DIANA HUBER tilted the decanter and held it over the glass a little too long for her husband's liking.

"Easy, easy," he cried from his chair. "How much of that stuff do you think I can take?"

"This one's mine," she said, starting to pour another.

Huber shifted in his seat. "Aren't you overdoing it, honey?" he asked uneasily. "I mean, do you really think you should drink so much?"

"It kills time," she said. "It makes the hours a little shorter. What else have I got to do? You've got your job. What have I got?"

"Well, I only meant—I mean, if the kids—"

"The kids are pasted to the screen," she replied, meaning that they were at the TV set. She flopped on the overstuffed sofa and yanked her skirt almost up to her thighs. She still had lovely legs, Huber thought, but she used them like an old frump. And she wasn't even fifty—just forty-seven. Why did she have to flop around that way?

"Well, let's have it," she said, twirling the amber fluid in her glass. "My Hard Day at the Office. By George Huber, Age Eleven."

He looked up, almost shyly. "Oh, nothing new," he said in a low voice. "Same old stuff."

Diana swallowed half her Scotch. She gave a little cough, blinked, and said harshly: "You know that's not so. Something's up. Some kind of labor trouble. And your tanks are blowing out all over space. Is that the 'same old stuff,' George, dear?"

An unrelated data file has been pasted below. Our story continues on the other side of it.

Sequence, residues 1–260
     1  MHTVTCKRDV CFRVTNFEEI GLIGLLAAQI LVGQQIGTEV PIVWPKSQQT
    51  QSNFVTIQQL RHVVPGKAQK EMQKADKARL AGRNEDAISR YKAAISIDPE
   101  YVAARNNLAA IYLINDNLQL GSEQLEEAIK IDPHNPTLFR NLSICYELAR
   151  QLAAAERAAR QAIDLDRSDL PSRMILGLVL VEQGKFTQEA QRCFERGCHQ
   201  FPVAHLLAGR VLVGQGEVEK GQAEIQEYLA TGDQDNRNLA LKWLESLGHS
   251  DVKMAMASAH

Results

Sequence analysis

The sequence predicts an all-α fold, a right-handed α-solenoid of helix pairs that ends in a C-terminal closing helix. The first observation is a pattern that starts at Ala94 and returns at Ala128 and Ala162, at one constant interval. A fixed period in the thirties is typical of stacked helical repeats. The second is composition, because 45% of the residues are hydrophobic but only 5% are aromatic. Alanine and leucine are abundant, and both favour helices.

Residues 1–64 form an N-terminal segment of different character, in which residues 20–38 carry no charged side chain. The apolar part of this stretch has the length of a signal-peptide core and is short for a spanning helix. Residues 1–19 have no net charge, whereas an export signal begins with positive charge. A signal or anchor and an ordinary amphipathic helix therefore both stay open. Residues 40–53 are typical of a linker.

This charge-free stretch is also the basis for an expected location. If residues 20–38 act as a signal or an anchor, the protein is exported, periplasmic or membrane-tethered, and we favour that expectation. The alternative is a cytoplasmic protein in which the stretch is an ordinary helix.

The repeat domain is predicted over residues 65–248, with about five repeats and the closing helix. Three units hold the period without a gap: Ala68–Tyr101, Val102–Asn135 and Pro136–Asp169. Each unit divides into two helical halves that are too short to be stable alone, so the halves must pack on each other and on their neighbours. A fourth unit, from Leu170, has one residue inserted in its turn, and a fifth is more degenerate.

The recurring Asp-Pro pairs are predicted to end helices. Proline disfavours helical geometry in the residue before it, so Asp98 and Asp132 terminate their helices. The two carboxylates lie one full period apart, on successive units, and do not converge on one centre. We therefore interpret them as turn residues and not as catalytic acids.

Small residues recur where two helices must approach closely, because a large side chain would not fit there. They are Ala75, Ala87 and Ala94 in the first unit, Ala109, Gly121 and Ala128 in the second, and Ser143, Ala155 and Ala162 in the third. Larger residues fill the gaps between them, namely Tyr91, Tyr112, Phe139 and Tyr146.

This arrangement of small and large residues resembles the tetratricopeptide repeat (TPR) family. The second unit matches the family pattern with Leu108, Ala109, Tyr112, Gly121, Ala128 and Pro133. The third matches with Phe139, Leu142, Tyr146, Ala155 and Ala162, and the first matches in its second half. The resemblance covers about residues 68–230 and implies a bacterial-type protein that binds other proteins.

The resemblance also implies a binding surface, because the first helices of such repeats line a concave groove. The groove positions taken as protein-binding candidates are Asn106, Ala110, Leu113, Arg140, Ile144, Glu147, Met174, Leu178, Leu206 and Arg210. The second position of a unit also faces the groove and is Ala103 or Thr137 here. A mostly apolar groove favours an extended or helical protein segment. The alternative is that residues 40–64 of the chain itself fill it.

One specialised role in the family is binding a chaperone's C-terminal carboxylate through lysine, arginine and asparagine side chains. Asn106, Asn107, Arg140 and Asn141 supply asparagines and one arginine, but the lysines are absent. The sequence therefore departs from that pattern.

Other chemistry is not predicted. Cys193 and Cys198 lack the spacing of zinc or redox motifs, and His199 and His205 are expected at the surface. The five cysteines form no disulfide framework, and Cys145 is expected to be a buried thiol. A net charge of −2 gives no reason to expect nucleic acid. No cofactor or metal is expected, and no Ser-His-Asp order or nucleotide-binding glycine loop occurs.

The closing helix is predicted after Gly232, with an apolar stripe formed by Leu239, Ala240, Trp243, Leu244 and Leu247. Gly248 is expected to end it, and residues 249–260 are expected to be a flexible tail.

Huber put down his paper. "It's the men!" he said. "They've gone nuts or something! Mopin' around all day, singin' the blues, snapping your head off if you make one little suggestion—"

Diana closed her eyes. "I'm listening. Go on."

"Something's gone wrong with all of them," said Huber, eager to pour out his overburdened heart. "They act like they just don't want to work. Turning out plain junk on the assembly line. Even the Accuracy Control boys are letting down on the job, and they're supposed to be crackerjacks! In fact, the only guys that are doing any kind of job are the Martians. I hired myself fifteen more today. But that's only gonna stir up more fuss..."

"I hate them," said Diana, sipping slowly and looking down into her glass moodily. "Ugly, slippery things. Ugh!"

"What?" said Huber blankly.

"Your Martian friends. Taking away good jobs from Earth people. Never buying anything. And those awful arms! If you ask me, we ought to send them right back where they—"

"You don't know them!" he interrupted loudly. "They're nice, quiet folks. They work hard and they don't give you a hard time. They're ten times as efficient as some of the bums in—"

"All right, all right! You don't have to shout at me." Diana stood up and gulped the rest of her drink down. Then she went over to the phonograph.

"Are you going to play that song again?" asked Huber.

"Do you mind?" she said sarcastically. "I happen to like it."

Huber said something under his breath and returned to his paper. But when the record started, he put it down and just listened as the strange, haunting Martian melody filled the room.

BLINKER: Then the Martian says, "For Pete's sake! Why can't you clean up this filthy cave sometimes?"